Forgoing web candy
By John Clingan on Dec 28, 2006
I've made an interesting personal discovery - I enjoy content. I mean the "primary" content. I had plenty of time this morning to parse my RSS feeds with QuickNews thanks to a Barista-in-training. I was getting a bit tired of slow page loads and decided to enable "fast mode" on the Treo's Blazer browser, which ignores the download of CSS and images. My my, what a difference. The improvement isn't just speedy page loads, it is the absence of web candy.
I refer to web candy as images, CSS, advertisements, etc that are not a direct part of the content "of interest". Web candy is growing to consume available bandwidth. First it was background colors. Then animated GIFS. Then heavy formatting. Then Flash advertisements. Yikes, what will happen when we have fibre to the home? I bet on High Definition (HD) web candy
By disabling CSS and images I don't get colors, pretty borders, or extensive formatting. I do, however, get to the meat of the content quickly. My (mobile) browsing is significantly more pleasurable without web candy. So this brings me to the following question. Is web candy overshadowing the primary content?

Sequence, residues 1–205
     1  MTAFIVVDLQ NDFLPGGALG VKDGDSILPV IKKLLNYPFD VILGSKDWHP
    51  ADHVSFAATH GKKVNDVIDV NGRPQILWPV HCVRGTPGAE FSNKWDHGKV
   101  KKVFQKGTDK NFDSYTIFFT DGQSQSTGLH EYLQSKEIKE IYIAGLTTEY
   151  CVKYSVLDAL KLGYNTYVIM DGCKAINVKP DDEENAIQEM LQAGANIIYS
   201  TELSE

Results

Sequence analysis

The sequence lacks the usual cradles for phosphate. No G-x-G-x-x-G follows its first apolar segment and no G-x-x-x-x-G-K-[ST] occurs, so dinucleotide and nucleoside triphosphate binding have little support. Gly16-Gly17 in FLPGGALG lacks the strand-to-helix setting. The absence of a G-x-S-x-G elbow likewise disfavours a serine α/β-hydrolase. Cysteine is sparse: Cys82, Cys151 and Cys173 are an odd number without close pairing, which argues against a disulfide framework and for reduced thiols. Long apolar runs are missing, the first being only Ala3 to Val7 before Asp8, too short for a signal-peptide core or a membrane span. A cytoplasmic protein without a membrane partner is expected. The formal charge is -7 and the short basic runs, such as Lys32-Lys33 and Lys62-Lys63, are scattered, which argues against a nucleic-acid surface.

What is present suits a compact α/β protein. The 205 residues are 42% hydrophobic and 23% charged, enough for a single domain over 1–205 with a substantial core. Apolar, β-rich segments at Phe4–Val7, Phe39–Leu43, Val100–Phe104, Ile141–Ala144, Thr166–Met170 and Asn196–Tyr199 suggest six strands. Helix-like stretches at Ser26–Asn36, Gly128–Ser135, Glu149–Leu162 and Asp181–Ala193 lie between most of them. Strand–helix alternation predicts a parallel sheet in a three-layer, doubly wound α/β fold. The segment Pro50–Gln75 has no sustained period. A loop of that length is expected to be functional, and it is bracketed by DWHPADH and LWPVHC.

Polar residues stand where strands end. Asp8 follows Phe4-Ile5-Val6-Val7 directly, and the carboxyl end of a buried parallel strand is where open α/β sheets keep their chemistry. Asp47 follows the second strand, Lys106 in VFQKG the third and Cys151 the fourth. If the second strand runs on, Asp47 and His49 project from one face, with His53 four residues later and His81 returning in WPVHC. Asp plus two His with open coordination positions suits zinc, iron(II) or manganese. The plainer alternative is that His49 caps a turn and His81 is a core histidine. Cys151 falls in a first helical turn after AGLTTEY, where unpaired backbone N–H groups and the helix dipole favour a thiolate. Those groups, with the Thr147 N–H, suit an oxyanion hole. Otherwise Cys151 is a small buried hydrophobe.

In a similar vein, have you hit a trade rag home page lately with Firefox or IE? Not me. I prefer the RSS feeds. Check out CNet News.com, The Register or eWeek. Heck, check out my blog. Yikes. Lots of visual noise. I'm not going to check, but I bet it's 100K+ of data for a 500 word article. Now check out your favorite blogs in your feed reader. I just subscribed to my own blog via Bloglines to see how it looks. I can describe how it looks in one word: Enticing. No, not because it's my blog but because the RSS feed cuts out all of the crap the under-developed-yet-hyper-active right side of my brain put on the blog. It's bare naked and to-the-point content.
As for the Barista-in-training, I left a tip. I have to train em' early to remember my drink